Millions of years ago, settling volcanic ash joined with mineral-rich river water in an ancient seabed to form azomite, a trademarked silica ore extracted from a Utah mineral deposit whose unique geologic history gives it an interesting mineral composition. A teaspoon of the stuff represents a veritable who’s who of trace minerals (PDF), making it quite attractive to certain parties interested in upping their mineral intake – especially the hard-to-find minerals that don’t come in your average supplement. The Weston A. Price Foundation calls it a superfood.

It’s not sold for human consumption, however. It is sold for livestock feed supplementation, indicating that mammals can consume it safely enough, but I don’t know – I plan on living way longer than a cow, a goat, or some chickens somewhere. I don’t base my safety assessments on whether or not a goat can eat it without keeling over. That said, it’s probably a good source of minerals, including the trace ones whose health effects we don’t know much about but which may be important and crucial. Its composition may be similar to the dirt and dust we accidentally consumed as wild humans living and eating outside, so I suppose there’s an argument for a light dusting on the salad every now and then. Then again, the real “benefit” from dirt lies in the steady exposure to low levels of soil-based bacteria; azomite is sterile and lifeless and a poor source of these probiotics.

Verdict: Not Primal. Maybe useful, probably safe, inadequate evidence either way.

Mung Bean Starch Glass Noodles

Right off the bat, this one has a few hits against it. First, they’re noodles, and noodles are usually advised against. Second, they’re made from refined starch, which we tend to avoid if we can. Third, the starch is derived from a legume, a food group that’s off the Primal menu for the most part. And yet despite all those strikes, I’m generally supportive of glass noodles while eating Primal. How can this be?

  1. The noodle is just a medium of energy delivery. It’s not inherently bad.
  2. Mung beans are an excellent source of resistant starch. You know, that starch that doesn’t really act like most starches. That starch that doesn’t spike blood glucose, that actually improves our ability to tolerate glucose and increases insulin sensitivity. If you want to hear more about resistant starch and why you should probably be eating it, just read the Definitive Guide to Resistant Starch I wrote a few months ago. Resistant starch explains why in a recent study into the glycemic index of six different Thai noodle and two rice varieties, glass noodles elicited the lowest GI response of all.
  3. Mung bean starch is just that – starch. The protein is removed during the starch refinement process and with it, the lectins, phytic acid, and other potential antinutrients. Mung bean starch shouldn’t pose any issues in that respect.

Other types of glass noodles are made from other starch sources that may not be as beneficial as mung bean starch. Just look at the ingredients. They should read mung bean starch and water, nothing else.

Verdict: Primal.

That’s it for today, folks. What do you think? Are you going rush out and try something new, or throw something out? Did I crush any dreams?

Thanks for reading.

About the Author

Mark Sisson is the founder of Mark’s Daily Apple, godfather to the Primal food and lifestyle movement, and the New York Times bestselling author of The Keto Reset Diet. His latest book is Keto for Life, where he discusses how he combines the keto diet with a Primal lifestyle for optimal health and longevity. Mark is the author of numerous other books as well, including The Primal Blueprint, which was credited with turbocharging the growth of the primal/paleo movement back in 2009. After spending three decades researching and educating folks on why food is the key component to achieving and maintaining optimal wellness, Mark launched Primal Kitchen, a real-food company that creates Primal/paleo, keto, and Whole30-friendly kitchen staples.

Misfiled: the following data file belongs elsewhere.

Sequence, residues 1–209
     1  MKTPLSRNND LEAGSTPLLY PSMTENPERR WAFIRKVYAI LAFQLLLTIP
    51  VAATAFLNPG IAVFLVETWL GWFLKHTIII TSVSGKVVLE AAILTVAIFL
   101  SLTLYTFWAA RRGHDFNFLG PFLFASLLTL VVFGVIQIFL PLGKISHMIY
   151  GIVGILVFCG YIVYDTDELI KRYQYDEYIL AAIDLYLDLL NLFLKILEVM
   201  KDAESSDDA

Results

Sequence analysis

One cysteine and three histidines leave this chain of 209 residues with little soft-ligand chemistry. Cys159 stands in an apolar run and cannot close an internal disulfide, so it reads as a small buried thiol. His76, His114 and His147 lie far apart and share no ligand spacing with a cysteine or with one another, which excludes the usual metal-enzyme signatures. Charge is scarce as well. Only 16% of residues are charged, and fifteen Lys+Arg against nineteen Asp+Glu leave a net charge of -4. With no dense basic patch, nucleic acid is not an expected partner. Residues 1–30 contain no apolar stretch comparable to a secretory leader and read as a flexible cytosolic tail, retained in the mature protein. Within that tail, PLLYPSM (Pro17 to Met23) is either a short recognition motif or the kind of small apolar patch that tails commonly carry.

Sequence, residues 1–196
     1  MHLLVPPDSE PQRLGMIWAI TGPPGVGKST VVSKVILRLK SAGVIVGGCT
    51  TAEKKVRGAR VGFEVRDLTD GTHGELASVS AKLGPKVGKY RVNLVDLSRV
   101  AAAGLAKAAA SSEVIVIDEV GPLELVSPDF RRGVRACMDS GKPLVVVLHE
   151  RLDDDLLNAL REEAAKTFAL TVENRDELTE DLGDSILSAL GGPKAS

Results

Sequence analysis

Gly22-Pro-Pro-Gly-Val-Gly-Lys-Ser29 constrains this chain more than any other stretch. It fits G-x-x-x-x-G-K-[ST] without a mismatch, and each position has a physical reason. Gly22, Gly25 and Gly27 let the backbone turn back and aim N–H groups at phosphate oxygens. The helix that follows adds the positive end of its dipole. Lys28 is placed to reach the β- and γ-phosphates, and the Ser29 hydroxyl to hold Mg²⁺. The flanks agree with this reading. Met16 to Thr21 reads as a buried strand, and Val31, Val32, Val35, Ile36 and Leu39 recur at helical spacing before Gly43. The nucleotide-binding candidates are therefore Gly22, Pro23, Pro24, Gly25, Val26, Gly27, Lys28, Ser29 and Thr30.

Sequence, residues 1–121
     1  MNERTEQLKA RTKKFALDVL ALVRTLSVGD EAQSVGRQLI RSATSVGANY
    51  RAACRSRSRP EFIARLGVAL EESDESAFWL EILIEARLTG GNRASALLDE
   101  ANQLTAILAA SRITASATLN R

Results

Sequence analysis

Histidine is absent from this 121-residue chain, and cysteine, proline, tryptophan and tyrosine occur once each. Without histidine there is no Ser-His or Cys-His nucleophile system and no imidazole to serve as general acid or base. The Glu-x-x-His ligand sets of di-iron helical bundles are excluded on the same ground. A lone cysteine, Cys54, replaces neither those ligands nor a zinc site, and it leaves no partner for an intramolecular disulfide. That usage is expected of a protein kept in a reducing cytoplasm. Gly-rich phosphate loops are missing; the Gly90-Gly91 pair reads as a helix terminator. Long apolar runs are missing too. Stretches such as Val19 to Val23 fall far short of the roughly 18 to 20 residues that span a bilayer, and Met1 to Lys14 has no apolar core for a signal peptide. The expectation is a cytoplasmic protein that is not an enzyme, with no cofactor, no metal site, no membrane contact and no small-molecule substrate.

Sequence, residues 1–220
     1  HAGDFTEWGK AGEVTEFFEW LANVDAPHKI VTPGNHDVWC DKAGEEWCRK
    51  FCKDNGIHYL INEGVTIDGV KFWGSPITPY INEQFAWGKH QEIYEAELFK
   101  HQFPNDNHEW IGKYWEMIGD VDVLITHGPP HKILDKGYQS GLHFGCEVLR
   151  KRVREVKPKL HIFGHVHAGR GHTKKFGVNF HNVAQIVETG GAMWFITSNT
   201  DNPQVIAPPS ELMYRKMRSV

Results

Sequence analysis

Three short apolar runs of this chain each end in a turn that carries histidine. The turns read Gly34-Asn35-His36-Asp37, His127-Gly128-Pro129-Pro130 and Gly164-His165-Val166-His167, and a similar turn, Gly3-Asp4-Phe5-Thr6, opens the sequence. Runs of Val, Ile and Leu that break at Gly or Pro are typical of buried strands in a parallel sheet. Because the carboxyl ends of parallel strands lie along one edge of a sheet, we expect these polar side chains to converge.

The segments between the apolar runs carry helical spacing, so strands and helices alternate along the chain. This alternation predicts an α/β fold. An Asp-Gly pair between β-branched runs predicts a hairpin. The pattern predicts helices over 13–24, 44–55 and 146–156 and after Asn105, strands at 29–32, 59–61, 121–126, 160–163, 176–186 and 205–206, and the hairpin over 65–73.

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58 thoughts on “Is It Primal? – Nut Milks, Maca Root, Stinky Tofu, and Other Foods Scrutinized”

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  1. People use to buy Maca supplements when I worked at GNC all the time. It seems they either did something or created a lot of wishful thinking. Personally I always though most guys just needed adequate opportunity to unleash the zippered tsunami God gave them. I mean it’s not like you could think about sex for 25 hours a day?

  2. I have missed these “Is It Primal” articles. Thanks for all the info! Think I’ll still pass on the stinky tofu if I do come across it.

  3. Oh man, funny story: I had a teaspoon of gelatinized maca powder on Sunday morning with breakfast. 20 minutes later, I started feeling like I was having a heart attack, but I had forgotten that I took the maca powder. My heart was beating fast and I felt a nervous excitement type of feeling. I went outside to get some fresh air and go for a walk. I started getting lightheaded, like I was going to faint. Since I live near a hospital, I started walking towards the hospital, in case I collapsed, I would be close to the hospital. Then I remembered I took the maca and looked up “maca reactions” on my phone and apparently some people react badly to it and get symptoms including severe anxiety, lightheadedness and heart palpitations. This actually calmed me down a whole lot, because I realized it was a reaction to the maca and not an actual heart attack or something more serious. But I still felt pretty lousy for another hour or so. I may throw it away, or try a much smaller dose in the future, but has anyone ever had anything like that happen to them?

    1. I used maca for years and loved it but I started having the same symptoms as well so I had to quit (tear).
      Great stuff though if that doesnt happen.

    2. Hi – Maca has a little bit of iodine in it. I’m hypothyroid, and found that the iodine made me HYPERthyroid – very similar to what you describe, and not at all fun. It was recommended to me by a Paleo nutritionist who insisted that I had an “allergic reaction” and because the tiny amount of iodine couldn’t cause my symptoms. Not at all true. I was taking a teaspoon or less per day in morning smoothies, and I think the additive effect can be problematic for anyone with thyroid problems…. Hyperthyroid reactions should be taken seriously. This “wonder supplement” is now in everywhere, and I would advise anyone to tread carefully, and read labels.